flexible manufacturing system

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flexible manufacturing system

[′flek·sə·bəl ‚man·yə·′fak·chə·riŋ ‚sis·təm]
(industrial engineering)
A form of computer-integrated manufacturing used to make small to moderate-sized batches of parts.

Flexible manufacturing system

A factory or part of a factory made up of programmable machines and devices that can communicate with one another. Materials such as parts, pallets, and tools are transported automatically within the flexible manufacturing system and sometimes to and from it. Some form of computer-based, unified control allows complete or partial automatic operation. Flexible manufacturing systems are part of a larger computer-based technology, termed computer-integrated manufacturing (CIM), which encompasses more than the movement and processing of parts on the factory floor. See Automation, Computer-aided design and manufacturing, Computer-integrated manufacturing

The programmable machines and devices are numerically controlled machine tools, robots, measuring machines, and materials-handling equipment. Each programmable machine or device typically has its own controller which is, in effect, a dedicated digital computer; programs must be written for these controllers, usually in special-purpose languages designed to handle the geometry and machining. Increasingly, numerically controlled machines are being programmed by graphical presentations on computer screens, that is, graphical computer interfaces. This allows the programmer to follow the machining operation and specify desired operations without the need for statements in a programming language. Robots have usually been programmed by so-called teaching, where the robot is physically led through a sequence of movements and operations; the robot remembers them and carries them out when requested. See Computer graphics, Digital computer, Intelligent machine, Materials-handling equipment, Programming languages, Robotics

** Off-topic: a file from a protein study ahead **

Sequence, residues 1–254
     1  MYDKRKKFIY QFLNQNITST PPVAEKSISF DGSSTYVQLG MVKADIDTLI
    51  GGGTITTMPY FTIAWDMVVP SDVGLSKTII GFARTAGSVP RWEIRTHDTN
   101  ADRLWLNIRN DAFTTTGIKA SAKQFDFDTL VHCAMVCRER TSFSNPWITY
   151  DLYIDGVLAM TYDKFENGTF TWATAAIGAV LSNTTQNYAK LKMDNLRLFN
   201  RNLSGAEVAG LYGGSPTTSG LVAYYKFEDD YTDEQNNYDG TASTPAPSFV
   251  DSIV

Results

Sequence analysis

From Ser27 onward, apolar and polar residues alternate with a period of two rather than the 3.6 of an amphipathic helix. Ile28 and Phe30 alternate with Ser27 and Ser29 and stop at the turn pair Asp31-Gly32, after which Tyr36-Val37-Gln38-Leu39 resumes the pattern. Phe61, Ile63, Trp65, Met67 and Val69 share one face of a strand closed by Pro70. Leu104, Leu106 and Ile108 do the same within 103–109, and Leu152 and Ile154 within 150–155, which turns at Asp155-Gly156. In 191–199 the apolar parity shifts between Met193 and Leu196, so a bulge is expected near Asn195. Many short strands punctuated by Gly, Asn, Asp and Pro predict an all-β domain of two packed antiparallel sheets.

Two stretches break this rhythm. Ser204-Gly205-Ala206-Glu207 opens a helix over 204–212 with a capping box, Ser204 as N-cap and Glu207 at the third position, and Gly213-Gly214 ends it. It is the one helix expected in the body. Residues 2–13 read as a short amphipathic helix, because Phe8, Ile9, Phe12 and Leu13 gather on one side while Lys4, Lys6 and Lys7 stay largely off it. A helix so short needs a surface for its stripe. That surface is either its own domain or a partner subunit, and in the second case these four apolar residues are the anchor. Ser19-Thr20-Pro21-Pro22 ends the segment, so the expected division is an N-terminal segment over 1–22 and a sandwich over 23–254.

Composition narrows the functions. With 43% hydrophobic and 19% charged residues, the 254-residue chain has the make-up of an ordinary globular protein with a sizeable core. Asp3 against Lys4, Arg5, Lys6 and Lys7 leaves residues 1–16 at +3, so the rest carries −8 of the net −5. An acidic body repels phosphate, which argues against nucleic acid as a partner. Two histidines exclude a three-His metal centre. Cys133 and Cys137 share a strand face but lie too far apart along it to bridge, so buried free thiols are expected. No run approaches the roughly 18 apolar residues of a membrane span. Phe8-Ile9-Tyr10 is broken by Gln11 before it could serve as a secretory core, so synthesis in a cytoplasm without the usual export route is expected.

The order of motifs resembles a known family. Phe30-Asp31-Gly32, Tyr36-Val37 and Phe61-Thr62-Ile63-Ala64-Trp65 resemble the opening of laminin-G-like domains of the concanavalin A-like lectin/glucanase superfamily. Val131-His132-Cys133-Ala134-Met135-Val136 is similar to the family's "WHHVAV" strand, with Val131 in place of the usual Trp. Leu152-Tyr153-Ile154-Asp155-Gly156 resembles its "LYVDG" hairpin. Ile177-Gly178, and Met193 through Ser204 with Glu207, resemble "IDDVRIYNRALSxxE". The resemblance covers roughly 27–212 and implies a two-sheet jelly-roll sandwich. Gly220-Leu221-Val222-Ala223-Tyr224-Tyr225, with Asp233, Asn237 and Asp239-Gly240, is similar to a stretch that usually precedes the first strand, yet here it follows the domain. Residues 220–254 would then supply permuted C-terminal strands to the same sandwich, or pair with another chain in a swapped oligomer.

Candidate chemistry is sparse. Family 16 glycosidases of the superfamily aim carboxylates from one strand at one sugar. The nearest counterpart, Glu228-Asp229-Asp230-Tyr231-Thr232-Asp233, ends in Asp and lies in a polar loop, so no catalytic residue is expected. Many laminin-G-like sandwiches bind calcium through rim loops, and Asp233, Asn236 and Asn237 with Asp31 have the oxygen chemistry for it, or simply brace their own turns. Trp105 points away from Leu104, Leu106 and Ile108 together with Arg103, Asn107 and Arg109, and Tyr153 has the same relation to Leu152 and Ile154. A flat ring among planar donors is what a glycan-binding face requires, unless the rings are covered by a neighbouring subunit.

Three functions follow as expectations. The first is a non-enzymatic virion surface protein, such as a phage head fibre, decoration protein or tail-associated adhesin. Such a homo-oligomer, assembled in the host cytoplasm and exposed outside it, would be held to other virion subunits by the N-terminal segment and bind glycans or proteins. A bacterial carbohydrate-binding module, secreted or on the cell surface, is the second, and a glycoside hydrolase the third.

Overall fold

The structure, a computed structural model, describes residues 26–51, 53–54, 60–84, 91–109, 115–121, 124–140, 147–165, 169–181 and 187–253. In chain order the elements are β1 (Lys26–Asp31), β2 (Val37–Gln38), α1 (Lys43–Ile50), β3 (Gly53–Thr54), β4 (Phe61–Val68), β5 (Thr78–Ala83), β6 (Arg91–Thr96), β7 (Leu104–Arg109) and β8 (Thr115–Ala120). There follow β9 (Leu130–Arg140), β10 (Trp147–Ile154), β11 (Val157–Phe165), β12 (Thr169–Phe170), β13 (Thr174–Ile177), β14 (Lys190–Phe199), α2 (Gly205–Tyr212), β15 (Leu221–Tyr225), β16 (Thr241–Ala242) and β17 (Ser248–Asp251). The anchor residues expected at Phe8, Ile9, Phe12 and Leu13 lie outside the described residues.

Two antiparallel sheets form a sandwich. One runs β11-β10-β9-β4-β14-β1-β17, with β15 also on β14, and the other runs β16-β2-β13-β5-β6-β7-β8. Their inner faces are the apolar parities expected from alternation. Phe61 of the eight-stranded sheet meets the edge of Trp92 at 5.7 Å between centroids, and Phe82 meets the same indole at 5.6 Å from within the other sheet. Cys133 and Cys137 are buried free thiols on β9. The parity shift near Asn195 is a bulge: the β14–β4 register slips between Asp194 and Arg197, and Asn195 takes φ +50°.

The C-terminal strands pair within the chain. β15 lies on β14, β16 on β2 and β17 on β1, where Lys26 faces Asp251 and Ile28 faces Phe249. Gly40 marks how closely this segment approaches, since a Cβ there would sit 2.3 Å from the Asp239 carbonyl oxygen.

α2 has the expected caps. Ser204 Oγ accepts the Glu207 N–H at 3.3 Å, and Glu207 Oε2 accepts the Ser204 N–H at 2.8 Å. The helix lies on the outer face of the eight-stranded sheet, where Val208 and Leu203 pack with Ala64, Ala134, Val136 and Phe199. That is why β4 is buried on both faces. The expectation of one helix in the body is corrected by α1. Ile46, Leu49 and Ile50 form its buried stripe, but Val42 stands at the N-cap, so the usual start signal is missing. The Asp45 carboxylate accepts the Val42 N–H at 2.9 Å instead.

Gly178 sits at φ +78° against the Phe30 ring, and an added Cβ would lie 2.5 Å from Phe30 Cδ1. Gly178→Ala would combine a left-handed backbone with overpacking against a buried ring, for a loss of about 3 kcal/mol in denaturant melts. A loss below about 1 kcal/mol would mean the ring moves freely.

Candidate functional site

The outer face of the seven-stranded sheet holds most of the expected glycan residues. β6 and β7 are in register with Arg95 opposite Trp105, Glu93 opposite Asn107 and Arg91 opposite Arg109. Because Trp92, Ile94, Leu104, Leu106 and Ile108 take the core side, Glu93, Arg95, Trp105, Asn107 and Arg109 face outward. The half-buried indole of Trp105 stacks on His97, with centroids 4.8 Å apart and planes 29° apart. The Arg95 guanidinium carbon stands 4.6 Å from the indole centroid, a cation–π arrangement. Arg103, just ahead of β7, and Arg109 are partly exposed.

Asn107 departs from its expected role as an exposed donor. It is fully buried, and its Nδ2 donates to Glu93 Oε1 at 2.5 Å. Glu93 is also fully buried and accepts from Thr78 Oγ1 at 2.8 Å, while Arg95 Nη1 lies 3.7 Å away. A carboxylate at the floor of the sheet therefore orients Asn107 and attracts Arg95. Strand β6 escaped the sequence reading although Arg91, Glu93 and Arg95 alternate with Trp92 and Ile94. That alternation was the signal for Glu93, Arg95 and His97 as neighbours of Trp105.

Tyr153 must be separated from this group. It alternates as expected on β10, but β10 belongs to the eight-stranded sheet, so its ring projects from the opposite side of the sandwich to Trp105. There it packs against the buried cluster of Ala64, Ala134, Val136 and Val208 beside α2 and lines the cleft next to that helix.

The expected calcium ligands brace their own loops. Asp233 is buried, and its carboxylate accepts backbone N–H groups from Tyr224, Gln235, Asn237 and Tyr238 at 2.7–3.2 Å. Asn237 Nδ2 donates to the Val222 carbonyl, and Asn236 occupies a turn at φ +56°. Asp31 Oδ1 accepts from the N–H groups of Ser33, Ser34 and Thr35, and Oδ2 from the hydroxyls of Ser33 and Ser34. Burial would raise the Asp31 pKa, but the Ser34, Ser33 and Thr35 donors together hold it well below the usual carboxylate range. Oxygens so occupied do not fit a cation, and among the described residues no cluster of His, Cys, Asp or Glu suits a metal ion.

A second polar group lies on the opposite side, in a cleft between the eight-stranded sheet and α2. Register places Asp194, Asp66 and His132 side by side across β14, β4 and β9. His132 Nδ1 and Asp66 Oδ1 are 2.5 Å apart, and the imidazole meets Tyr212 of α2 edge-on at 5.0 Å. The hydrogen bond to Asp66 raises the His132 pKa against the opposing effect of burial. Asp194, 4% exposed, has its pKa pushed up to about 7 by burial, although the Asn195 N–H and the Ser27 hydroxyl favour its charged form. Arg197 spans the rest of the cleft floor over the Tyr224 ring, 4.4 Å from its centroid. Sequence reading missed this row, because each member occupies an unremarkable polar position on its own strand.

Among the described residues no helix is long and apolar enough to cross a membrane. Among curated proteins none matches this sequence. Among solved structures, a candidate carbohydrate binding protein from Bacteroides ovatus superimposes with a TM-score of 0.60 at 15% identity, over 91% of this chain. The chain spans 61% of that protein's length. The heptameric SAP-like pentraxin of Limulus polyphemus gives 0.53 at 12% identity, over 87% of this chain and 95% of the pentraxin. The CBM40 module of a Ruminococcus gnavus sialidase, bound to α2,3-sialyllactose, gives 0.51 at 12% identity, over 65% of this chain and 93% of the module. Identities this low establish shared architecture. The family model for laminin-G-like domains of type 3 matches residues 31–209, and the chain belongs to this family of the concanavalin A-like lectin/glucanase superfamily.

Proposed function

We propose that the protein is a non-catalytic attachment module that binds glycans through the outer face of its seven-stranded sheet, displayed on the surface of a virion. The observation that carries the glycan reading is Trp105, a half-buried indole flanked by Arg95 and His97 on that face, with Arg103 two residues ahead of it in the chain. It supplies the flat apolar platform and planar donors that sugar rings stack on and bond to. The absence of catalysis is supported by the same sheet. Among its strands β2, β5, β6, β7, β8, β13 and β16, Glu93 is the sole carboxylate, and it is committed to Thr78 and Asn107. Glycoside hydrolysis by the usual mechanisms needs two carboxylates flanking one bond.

The programmable machines and devices communicate with one another via an electronic connection between their controllers. Increasingly, this connection is by means of local-area networks, that is, communication networks that facilitate highspeed, reliable communication throughout the entire factory.

The automatic material transport system is usually a guided, computer-controlled vehicle system. The vehicles are usually confined to a fixed network of paths, but typically any vehicle can be made to go from any point in the network to any other point. The network is different from a classical assembly line in that it is more complex and the flow through it is not in one direction.

Commands and orders to the flexible manufacturing system are sent to its computer-based, unified control. The control, in turn, issues orders for the transport of various kinds of material, the transfer of needed programs, the starting and stopping of programs, the scheduling of these activities, and other activities.

Flexible manufacturing systems are flexible in the sense that their device controllers and central control computer can be reprogrammed to make new parts or old parts in new ways. They can also often make a number of different types of parts at the same time. However, this flexibility is limited to a certain family of parts, for example, axles. A general goal for designers is to increase flexibility, and advanced flexible manufacturing systems are more flexible than the earlier ones.

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